17 June 2013

[liff, logo] Reagan Busted The Air Traffic Controllers Union and All I Got Was This Used License Plate Frame

2945.Here's a delightful yet bittersweet find. Got this from the Salvation Army over at NE 122nd  and Halsey (it used to be a Goodwill before the Goodwill got schmancy new digs just south of there) yesterday.

It's a bit of organized labor history, tho' the provenance must be, for the time being, in doubt:

It's a license plate frame from … PATCO. The Professional Air Traffic Controllers Organization.

Those of you who are not enlightened as to recent labor history (and that's just about everyone these days) probably don't know from PATCO. Sherman, let's set the Wayback Machine to 1981. Reagan had been in office about a year and a half, and PATCO, in an effort to improve working conditions, struck.

Now, to be complete about it, there were a lot of centrifugal forces in play. Reagan and his team were busy hammering the anti-union key on the Mighty Wurlitzer, and PATCO made some miscued moves on its own … for instance, in the 1980 campaign they supported Reagan over Carter, in dissatisfaction with the way that the Carter-era FCC was treating them (to be fair here, Reagan endorsed the union and expressed support for their struggle, so maybe being a little to credulous was their real sin here. Coulda-shoulda-woulda).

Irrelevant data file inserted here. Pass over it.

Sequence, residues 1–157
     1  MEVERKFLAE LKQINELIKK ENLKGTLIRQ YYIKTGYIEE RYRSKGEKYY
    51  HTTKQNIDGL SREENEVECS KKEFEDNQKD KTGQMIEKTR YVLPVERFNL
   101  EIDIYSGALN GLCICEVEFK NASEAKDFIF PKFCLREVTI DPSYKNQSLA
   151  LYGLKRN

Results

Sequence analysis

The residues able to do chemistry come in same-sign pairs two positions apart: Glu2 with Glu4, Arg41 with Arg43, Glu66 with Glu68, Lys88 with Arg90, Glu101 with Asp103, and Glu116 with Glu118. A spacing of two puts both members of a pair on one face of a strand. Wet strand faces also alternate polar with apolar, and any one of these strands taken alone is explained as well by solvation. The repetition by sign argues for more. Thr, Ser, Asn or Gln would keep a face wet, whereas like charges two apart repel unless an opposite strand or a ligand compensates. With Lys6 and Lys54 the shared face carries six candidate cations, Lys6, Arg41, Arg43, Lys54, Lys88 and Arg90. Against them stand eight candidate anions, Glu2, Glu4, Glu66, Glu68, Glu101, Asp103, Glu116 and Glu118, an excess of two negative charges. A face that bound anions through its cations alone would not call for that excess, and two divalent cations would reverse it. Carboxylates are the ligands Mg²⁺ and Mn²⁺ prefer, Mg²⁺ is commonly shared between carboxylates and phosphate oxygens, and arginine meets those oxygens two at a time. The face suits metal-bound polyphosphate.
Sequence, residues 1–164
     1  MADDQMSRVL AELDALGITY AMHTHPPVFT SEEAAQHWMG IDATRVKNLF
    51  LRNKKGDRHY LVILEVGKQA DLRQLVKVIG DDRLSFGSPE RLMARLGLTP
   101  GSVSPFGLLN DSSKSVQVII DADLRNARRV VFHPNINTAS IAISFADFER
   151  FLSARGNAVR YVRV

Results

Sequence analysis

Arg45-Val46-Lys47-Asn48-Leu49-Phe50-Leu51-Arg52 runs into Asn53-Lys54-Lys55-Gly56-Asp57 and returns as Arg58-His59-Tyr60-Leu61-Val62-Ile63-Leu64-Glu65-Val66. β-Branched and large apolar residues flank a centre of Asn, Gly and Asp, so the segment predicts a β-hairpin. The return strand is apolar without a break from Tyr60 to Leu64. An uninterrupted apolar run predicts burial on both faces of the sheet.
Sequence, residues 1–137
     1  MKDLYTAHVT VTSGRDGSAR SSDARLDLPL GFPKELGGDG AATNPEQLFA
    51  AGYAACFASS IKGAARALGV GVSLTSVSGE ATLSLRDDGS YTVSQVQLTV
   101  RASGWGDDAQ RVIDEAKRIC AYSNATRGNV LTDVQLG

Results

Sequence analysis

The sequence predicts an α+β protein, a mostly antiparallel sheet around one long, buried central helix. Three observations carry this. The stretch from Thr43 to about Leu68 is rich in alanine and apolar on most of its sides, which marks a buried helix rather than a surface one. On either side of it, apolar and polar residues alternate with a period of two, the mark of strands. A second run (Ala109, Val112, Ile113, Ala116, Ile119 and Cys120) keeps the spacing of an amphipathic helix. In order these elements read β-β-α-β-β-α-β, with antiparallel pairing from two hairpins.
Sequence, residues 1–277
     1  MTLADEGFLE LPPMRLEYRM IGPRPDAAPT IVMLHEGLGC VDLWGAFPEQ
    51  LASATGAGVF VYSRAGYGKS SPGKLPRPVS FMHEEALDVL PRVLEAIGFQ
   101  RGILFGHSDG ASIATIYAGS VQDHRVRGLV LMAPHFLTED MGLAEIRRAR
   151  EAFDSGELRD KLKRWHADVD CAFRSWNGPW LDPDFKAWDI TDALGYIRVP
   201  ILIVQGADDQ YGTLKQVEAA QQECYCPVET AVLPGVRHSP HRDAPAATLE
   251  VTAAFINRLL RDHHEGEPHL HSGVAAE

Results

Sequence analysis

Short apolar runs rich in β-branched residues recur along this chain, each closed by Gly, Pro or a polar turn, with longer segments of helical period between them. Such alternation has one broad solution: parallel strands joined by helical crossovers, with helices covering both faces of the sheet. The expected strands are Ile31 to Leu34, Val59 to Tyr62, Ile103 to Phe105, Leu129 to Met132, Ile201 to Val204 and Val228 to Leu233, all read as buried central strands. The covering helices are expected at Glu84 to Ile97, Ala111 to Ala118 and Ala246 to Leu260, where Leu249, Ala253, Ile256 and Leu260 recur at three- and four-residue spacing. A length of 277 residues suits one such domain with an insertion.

They got what they wanted, and they were about to get it good and hard, as they found out. It may have been Morning in America, but for PATCO, it was about to strike midnight. When PATCO went on strike on August of '81, they did it illegally; there was (and probably still is) a provision in Federal law outlawing strikes by such organizations.

I guess they felt pretty confident. In reality, they overplayed their hand; on the 3rd of August, they struck, and on the 5th of August, they were unemployed. This left a mark on civil aviation that took the best part of a decade to erase, and a mark on labor in America that survives … tragically … to this day.

So it was ironic that I should find such at artifact at the Salvation Army Thrift Store, for a surfeit of reasons. But there it was. Priced to move at $2.99 (but with an earlier sticker that says someone once charged fifty cents for it … good thing I got it before the price went up any more).

The PATCO logo:

is a pretty faithful adaptation of the famous standard logo treatment:

… and the giveaway is the style of the plane, which is dead on target.

As I said, the provenance of this artifact is a matter of debate. The bare metal areas are fairly shiny and well-kept. The paint on the detail has suffered some flaking, though, which indicates age; I'd be willing to bet there's a significant chance that this was from the 70s-80s, when the Long Dark Night of American Labor was getting underway.

Some form of successor to PATCO seems to exist.

And so it goes.

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